At this time in 2014, Governor-elect David Vitter was measuring the drapes on the walls of the big office on the fourth floor of the State Capitol.
Well, he wasn’t governor-elect then, but as a sitting Republican U.S. senator and proven campaigner, Vitter was the favorite in the 2015 election coming up. He had weathered a sex-related scandal and even been re-elected thumpingly in 2010.
The conventional wisdom in 2015, and you read a lot of it here, was that he would make the runoff and then have a commanding party advantage over a little-known state representative, John Bel Edwards of Amite.
Is the conventional wisdom wrong again?
Well, depending on what circles one travels in, the governor is the favorite for re-election in the fall. Or he’s destined to lose, as people are more and more voting the party and not the man, turning around the old slogan that Republicans used decades ago to build their membership in what was once heavily Democratic Louisiana.
Unquestionably, the disarray in the GOP opposition lately has helped Edwards. U.S. Sen. John N. Kennedy declined to run, after much public agonizing, delaying much of the spadework needed for Edwards’ challengers.
To date, there are two informally announced, Baton Rouge businessman Eddie Rispone and U.S. Rep. Ralph Abraham from rural north Louisiana. Both have appealing personal stories in business and professions; Abraham is a physician. But those stories are almost unknown to the general public just yet.
No one in politics doubts that Edwards is by conviction pro-life and is an avid hunter; the hot-button issues are off the table. “He’s signed every bill,” was the way the Rev. Gene Mills, head of the social conservatives of the Louisiana Family Forum, described Edwards’ anti-abortion record.
The governor will run an active and well-financed campaign for reelection. He’s also got some significant GOP support.
Republican pollster John Couvillon told the Press Club of Baton Rouge earlier this year that the long battle over budget with the Republican House leaders have tended to hurt Edwards’ poll numbers, as the average voter sees disarray; more perceptive voters may see the Republicans agreeing with Edwards, in the Senate and in the Division of Administration headed by Jay Dardenne.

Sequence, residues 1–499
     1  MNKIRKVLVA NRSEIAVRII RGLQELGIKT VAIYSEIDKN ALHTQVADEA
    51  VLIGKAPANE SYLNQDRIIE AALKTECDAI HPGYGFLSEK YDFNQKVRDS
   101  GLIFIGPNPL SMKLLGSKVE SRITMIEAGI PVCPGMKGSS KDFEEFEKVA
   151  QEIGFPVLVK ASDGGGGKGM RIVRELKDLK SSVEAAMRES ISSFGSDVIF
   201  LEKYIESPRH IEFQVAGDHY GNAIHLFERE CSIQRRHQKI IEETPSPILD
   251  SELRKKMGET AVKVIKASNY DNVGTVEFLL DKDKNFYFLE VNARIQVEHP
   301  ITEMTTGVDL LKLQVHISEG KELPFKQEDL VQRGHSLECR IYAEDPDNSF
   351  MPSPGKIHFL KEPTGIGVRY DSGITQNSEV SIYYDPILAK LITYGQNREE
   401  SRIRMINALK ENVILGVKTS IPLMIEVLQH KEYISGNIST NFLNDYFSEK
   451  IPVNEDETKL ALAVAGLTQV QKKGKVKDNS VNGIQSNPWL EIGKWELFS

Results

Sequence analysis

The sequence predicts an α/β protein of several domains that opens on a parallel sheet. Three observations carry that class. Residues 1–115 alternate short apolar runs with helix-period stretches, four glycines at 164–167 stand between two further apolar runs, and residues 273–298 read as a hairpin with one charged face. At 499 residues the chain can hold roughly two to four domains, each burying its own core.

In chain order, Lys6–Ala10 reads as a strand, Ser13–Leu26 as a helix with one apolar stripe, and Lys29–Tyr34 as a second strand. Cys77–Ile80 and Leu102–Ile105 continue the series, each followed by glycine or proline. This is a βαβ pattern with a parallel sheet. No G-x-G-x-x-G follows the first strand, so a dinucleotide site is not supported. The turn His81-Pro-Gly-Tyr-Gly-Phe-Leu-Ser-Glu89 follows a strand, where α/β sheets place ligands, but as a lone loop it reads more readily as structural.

But Edwards does not need the perceptive voters, he needs a majority. People are indeed voting more by party, although deep-blue states like Massachusetts and Maryland are happy with their Republican governors. Perhaps the same will be said of Edwards by Republicans in Louisiana.
The case against Edwards has not yet been made by his opponents. Maybe he’ll be tagged as a tax-and-spender, but no one in the GOP is mentioning the mess he inherited from Bobby Jindal in 2016. Again, though, the perceptive voters are not enough.
A couple of governors have not gained re-election lately — Buddy Roemer in the bizarre David Duke race, and Kathleen Blanco opting not to run for a second term in 2007 in the wake of hurricanes Katrina and Rita. But the norm is that governors are favorites for re-election. Maybe President Donald Trump can swing Louisiana back into the red column, but he now has his own problems. The conventional wisdom is that he could motivate Democrats to turn out to vote.
The conventional wisdom has been wrong before.
Friends describe Edwards as confident but not overconfident during this holiday season. But one could have said the same thing about David Vitter at Christmas 2014.
Email Lanny Keller at firstname.lastname@example.org.